Electronic – Is this transistor switch circuit designed correctly

circuit analysispower supplyresistorsswitchestransistors

I am making a little home made electronics project.

The plan is to turn on a Red LED when a SCART input is sending an RGB signal. Pin 16 on a SCART cable is 1-3V when the input is carrying an RGB signal (according to wikipedia – in my case it actually sends 4.5V so I figure this is quite a flexible spec).

The circuit I have designed works….but I don't know if it is safe, or done correctly! Please see the schematic below:


simulate this circuit – Schematic created using CircuitLab

I have 2 main questions:

  1. I don't seem to need the 1k Ohm resistor leading to the base of the transistor. I assume any voltage applied to the 2N3904 base will switch the circuit on…so this is just keeping a low current to prolong the life of the transistor?
  2. The circuit doesn't work unless I cannot Pin 21 of the SCART input up to the ground of the main circuit. I don't know if this is safe, or the correct way to make this circuit work, can you validate my decision here.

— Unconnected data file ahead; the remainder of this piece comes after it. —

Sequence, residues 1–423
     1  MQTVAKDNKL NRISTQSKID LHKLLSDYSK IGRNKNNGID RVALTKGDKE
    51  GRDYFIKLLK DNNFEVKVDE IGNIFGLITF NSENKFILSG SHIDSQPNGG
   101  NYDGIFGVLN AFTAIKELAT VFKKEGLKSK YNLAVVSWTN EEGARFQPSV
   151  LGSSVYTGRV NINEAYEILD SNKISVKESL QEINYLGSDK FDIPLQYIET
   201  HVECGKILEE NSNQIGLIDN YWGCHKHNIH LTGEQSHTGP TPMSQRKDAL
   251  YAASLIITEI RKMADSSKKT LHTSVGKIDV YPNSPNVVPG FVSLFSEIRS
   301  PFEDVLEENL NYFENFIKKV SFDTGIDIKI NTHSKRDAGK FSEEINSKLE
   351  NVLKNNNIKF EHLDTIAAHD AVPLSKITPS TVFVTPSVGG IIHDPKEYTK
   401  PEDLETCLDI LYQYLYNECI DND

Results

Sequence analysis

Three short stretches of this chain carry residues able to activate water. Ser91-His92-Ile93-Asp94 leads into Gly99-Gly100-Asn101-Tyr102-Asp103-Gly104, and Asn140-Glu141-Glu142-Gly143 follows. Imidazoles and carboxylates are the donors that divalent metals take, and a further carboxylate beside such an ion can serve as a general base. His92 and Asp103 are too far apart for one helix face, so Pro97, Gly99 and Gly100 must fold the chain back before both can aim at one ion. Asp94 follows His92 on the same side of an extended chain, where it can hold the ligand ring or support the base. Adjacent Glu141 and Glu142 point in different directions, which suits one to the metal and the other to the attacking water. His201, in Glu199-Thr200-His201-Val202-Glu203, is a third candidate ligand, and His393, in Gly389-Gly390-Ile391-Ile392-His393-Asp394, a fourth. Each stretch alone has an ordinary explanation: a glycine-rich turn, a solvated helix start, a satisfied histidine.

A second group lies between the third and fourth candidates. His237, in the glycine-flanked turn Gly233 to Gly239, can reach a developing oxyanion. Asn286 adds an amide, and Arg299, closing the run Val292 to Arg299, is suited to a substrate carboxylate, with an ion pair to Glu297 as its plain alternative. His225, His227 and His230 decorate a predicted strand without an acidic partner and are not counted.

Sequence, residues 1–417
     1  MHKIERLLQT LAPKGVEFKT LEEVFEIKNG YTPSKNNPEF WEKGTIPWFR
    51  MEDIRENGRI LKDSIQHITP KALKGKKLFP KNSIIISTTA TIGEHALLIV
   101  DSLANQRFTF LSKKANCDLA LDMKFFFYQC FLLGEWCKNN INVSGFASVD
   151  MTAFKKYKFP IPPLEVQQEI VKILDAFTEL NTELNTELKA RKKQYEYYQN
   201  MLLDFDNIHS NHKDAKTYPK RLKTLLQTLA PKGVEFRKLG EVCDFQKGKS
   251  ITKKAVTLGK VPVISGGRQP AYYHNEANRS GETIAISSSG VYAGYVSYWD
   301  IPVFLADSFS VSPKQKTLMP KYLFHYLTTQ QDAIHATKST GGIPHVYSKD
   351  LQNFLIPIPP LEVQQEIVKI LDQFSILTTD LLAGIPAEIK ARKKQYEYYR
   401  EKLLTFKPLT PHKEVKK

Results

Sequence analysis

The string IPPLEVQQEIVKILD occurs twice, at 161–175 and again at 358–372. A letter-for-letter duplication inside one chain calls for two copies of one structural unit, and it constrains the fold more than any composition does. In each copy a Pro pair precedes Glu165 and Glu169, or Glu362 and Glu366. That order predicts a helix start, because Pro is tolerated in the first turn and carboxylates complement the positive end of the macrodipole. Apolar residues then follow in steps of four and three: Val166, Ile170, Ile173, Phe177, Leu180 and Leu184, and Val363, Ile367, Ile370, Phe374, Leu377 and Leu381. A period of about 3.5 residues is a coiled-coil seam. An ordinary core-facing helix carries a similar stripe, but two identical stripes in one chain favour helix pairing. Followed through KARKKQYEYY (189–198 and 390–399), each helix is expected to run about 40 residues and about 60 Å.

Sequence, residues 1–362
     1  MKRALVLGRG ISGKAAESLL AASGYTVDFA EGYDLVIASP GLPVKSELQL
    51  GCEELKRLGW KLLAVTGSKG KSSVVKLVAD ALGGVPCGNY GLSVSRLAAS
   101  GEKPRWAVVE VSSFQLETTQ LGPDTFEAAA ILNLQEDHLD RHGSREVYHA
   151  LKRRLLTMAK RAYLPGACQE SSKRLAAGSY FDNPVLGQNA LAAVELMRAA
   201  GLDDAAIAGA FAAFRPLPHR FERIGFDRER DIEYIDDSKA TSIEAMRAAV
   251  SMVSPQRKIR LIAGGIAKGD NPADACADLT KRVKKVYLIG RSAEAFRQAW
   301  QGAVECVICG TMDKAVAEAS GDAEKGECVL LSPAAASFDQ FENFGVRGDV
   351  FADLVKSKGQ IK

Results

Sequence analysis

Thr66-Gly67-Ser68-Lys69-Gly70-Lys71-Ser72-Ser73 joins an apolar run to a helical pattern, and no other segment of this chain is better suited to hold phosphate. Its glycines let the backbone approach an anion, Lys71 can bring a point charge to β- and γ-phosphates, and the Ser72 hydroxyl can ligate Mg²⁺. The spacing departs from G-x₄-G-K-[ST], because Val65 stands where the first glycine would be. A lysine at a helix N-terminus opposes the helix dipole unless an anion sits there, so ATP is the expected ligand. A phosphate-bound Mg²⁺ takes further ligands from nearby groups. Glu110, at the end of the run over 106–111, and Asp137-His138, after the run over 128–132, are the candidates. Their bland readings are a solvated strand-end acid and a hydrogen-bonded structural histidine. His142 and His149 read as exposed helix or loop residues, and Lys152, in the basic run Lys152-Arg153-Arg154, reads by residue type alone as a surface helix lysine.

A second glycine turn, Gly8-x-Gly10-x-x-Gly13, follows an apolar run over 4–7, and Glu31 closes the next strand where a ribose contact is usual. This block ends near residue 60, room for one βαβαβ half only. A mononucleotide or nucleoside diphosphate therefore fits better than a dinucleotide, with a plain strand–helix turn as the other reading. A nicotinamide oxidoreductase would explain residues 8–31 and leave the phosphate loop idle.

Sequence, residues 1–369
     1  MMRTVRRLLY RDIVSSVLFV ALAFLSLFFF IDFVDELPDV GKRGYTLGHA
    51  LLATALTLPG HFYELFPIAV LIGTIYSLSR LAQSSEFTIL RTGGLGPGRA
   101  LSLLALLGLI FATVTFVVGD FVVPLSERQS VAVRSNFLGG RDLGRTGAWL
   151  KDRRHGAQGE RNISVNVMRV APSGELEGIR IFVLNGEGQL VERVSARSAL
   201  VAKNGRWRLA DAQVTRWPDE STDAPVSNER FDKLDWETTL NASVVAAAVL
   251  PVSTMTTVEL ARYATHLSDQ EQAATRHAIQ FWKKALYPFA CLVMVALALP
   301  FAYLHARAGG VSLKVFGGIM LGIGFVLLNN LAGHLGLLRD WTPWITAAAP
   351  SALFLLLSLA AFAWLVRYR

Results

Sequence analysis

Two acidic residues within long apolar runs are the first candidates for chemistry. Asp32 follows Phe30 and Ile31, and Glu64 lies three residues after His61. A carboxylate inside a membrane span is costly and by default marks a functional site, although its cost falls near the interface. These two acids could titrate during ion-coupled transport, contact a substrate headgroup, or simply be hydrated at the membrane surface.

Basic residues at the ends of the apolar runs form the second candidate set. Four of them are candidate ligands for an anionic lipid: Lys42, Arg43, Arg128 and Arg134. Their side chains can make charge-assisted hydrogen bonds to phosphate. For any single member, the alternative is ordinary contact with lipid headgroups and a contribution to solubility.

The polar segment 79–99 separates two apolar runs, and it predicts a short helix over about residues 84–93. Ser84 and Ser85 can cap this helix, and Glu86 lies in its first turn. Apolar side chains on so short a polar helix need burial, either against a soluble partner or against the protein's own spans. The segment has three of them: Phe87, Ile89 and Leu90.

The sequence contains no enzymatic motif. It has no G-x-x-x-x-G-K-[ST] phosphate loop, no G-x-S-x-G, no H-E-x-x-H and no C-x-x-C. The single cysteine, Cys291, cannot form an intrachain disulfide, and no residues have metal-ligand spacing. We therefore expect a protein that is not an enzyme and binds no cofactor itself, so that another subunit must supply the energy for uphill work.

Best Answer

1) The 1k ohm resistor IS necessary. The base - emitter junction of a transistor is a diode, and the voltage drop of a silicon diode is ~0.7 V. The transistor will allow as much current to pass as it need to to clamp that voltage to less than 0.7 V. This will interfere with the signal, as the RGB signal is indicated to the receiving device as a signal greater than 1V (1-3 V according to wikipedia: https://en.wikipedia.org/wiki/SCART). In order to keep interference to a minimum, I would probably use an analog buffer (https://en.wikipedia.org/wiki/Buffer_amplifier#Voltage_buffer_examples) instead of a transistor to turn on the LED, but if you find it doesn't interfere, there isn't much reason to change it.

2) If you find that pin 21 works as a ground for you, it shouldn't cause any damage. Looking at the pinout on that same wikipedia page, I would go with pin 18 instead. Pin 18 is specifically a ground for the signal on pin 16. Either way, a common ground is necessary for the signal to be able to turn on the transistor.